So from the get-go, as set out in Labour Together’s autopsy on the 2019 election, the coalition around Starmer decided to rebuild Labour as an alliance of city and town; of the young and old; of the socially conservative former manual worker and the socially liberal university lecturer.

If you look at it cynically, Starmerism is whatever collection of policies is needed to hold that demographic coalition together.

But I’m not cynical. Because Labour’s “Five Missions” strategy has intellectual coherence and could, with a bit of luck, be the template for how most developed-world democracies facing the same problem could solve them.

Labour understands that nothing else is possible without a return to growth. It can’t borrow and spend its way out of the hole dug during 14 years of austerity and mismanagement. Nor can it simply tax its way to social justice. It has to profoundly alter the investment climate, pulling tens of billions of private investment into energy, infrastructure, housing and innovative small businesses, alongside smaller amounts of public money.

So as Starmer’s teams peel the campaign stickers off their crumpled suits, and stagger bleary-eyed through the swing doors of minor ministries next Friday morning, they know it’s the unspectacular stuff that matters: planning reform, skills strategy, the project management skills of civil servants.

Get it wrong and, no matter how big the majority now, the votes of small-town social conservatives will swing back to their natural destination – a Tory Party now under the mind-control of the far right.

Get it right and something better than Blairism is in prospect. Because the demographics that produced Brexit, and which are driving Reform’s vote into the 15-18% range, will not last for ever. The average age at which Conservatives form a majority among UK voters is now 71, and it will get older year on year towards the middle of the century. Young voters are massively pro-Labour, and when they are not they vote Green, Plaid or SNP. So if Starmer can deliver a 10-year programme of national renewal, at the end of it Labour, for the first time since the 1940s, will have a natural majority.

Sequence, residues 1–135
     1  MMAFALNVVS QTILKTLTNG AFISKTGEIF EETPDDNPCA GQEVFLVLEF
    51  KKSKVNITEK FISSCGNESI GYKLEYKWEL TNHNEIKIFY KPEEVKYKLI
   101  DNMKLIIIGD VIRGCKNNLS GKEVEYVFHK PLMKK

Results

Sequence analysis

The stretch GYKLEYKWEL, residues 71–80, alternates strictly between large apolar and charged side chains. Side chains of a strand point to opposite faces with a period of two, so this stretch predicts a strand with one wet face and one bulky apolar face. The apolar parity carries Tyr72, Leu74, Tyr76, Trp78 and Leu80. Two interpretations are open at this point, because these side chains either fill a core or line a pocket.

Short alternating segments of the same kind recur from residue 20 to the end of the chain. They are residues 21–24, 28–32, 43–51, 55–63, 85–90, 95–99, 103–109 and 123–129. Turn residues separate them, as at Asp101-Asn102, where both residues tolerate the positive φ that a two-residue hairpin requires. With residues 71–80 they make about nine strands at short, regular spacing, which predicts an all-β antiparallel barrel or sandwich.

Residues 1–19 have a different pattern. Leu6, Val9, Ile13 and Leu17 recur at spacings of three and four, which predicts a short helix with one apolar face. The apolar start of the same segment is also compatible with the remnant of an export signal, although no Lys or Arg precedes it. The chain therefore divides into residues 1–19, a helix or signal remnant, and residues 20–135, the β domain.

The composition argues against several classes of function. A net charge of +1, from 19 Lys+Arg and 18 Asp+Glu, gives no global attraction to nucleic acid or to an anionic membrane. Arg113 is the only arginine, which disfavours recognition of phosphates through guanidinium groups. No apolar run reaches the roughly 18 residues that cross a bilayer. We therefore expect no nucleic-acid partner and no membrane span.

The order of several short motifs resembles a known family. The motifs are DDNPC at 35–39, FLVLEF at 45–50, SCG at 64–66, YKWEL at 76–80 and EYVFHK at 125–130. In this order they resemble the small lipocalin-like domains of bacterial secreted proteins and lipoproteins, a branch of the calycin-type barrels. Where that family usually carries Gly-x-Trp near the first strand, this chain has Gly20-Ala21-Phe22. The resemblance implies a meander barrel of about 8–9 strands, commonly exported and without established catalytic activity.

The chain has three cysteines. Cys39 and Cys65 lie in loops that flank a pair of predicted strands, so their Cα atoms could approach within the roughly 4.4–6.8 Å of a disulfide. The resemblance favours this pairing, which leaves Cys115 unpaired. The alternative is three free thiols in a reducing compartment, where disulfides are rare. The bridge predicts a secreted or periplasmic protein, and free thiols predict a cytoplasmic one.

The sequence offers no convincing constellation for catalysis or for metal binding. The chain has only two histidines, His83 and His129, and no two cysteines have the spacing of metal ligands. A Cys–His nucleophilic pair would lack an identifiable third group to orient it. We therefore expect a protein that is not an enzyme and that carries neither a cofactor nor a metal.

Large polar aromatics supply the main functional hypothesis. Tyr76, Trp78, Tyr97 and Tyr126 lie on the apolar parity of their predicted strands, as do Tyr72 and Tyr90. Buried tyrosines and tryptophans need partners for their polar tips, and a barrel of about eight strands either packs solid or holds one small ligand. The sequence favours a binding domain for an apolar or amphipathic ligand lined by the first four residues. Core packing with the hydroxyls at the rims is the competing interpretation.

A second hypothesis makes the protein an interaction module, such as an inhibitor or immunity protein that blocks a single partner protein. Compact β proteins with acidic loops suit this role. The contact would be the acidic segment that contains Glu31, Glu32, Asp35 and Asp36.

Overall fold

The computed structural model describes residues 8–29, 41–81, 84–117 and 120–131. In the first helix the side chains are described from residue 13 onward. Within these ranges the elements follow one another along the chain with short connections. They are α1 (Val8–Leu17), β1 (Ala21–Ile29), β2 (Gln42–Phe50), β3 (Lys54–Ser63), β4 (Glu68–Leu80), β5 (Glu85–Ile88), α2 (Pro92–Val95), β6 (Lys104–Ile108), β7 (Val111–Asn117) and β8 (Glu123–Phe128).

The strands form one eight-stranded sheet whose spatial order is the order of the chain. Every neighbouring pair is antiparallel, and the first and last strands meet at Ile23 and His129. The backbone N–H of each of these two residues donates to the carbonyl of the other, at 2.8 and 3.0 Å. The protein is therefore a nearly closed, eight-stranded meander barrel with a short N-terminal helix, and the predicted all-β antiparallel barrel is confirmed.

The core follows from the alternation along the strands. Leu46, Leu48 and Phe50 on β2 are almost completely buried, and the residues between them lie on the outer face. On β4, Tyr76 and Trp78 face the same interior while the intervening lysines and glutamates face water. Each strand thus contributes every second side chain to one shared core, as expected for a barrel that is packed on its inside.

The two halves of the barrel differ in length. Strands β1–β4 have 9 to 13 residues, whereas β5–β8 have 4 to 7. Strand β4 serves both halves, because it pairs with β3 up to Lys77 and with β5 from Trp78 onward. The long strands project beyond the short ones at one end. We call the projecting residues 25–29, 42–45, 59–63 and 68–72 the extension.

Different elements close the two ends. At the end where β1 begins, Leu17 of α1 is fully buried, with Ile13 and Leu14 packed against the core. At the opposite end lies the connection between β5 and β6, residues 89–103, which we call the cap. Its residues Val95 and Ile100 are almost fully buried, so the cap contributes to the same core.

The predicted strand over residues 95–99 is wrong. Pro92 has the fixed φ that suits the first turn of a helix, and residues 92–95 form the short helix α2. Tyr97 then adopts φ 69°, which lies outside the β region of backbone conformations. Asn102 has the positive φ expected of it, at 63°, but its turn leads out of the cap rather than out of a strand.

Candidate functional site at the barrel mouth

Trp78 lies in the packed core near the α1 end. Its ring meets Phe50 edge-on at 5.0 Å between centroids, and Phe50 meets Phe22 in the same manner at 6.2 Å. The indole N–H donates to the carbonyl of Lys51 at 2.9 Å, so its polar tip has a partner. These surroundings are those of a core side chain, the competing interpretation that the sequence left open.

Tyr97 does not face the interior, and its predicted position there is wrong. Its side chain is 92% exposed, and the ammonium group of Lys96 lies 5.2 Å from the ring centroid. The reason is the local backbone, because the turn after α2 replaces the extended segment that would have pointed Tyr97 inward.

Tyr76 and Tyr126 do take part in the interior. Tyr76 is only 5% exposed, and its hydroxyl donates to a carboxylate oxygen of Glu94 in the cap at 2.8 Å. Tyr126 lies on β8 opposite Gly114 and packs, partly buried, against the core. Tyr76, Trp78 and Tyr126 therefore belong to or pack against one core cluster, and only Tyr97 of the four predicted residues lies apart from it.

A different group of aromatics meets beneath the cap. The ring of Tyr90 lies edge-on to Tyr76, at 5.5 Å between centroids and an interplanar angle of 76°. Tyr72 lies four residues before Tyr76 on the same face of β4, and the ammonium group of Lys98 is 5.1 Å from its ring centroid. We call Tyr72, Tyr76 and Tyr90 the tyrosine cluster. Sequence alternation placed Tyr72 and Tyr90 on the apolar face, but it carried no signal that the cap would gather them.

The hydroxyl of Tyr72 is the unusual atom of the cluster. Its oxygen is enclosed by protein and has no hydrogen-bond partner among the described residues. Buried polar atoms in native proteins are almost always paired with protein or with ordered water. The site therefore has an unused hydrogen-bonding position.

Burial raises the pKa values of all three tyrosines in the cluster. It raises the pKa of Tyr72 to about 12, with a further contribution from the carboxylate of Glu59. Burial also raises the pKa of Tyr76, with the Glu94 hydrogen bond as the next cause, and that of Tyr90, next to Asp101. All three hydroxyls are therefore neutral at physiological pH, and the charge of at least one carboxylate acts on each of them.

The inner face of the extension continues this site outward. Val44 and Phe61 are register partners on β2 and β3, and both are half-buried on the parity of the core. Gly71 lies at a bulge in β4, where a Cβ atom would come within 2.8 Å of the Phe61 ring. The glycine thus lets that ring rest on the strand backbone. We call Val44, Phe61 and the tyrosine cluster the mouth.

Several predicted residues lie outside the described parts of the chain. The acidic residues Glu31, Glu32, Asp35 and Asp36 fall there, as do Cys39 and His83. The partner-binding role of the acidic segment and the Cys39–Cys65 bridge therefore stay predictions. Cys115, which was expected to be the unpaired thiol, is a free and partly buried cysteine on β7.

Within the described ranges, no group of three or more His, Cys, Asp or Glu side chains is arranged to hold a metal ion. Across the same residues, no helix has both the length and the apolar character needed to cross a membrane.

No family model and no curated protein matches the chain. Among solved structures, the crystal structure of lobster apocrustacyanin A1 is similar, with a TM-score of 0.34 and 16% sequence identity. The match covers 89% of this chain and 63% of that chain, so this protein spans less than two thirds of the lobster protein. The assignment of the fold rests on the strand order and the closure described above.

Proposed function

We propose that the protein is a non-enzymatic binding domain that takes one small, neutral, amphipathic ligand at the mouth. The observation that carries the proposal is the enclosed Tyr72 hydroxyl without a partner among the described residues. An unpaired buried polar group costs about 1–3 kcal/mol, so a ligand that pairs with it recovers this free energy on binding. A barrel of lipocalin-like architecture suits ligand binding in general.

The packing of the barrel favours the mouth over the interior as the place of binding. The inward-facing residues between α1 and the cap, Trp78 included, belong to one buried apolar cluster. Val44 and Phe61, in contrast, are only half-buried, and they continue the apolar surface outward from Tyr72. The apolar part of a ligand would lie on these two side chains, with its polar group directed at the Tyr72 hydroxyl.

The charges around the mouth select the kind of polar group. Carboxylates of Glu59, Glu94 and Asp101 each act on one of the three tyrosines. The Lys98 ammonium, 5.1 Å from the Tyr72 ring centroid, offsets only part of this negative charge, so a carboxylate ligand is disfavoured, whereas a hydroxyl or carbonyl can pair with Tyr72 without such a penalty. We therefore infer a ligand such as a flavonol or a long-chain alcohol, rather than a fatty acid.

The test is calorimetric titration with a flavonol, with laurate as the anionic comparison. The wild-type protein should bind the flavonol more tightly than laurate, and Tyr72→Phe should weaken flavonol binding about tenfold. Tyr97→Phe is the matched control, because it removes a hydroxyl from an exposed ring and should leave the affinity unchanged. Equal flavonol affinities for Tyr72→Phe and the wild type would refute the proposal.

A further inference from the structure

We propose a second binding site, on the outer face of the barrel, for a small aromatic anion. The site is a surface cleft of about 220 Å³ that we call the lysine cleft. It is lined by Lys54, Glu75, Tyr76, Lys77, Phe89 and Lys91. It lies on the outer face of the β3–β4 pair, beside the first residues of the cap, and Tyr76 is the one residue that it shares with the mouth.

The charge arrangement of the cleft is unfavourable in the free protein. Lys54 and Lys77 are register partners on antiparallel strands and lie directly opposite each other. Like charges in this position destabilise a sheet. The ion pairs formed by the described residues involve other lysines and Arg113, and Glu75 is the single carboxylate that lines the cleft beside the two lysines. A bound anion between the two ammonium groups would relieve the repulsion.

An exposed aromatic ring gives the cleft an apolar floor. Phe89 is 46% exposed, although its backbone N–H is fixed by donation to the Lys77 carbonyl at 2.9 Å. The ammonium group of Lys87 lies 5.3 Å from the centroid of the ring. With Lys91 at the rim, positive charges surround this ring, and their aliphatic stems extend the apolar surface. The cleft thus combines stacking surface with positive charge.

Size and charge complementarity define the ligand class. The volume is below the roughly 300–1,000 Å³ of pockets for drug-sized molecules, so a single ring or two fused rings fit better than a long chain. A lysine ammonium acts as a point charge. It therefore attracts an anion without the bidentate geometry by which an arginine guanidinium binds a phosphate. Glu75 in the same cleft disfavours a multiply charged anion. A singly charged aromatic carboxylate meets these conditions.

Blairism promised a progressive era but failed. Starmerism could be the path to it, and its authors understand the compromises they will have to make to tread that path.

They are the clear-eyed inhabitants of a dangerous and unstable world, and they will react to any reversals by stripping their programme of governance down to its essentials: high growth, clean energy, safe streets, a revived NHS and a first-class education for every child in Britain.

They will react to increased national security threats robustly; they will seek a transactional security pact with the EU, not a return to the Single Market. They will celebrate multiculturalism but limit migration. They will face down Vladimir Putin.

This is a generation of politicians who saw Blairism fail and know they cannot return to austerity. They know the new Third Way is Securonomics, and that they have to make it work.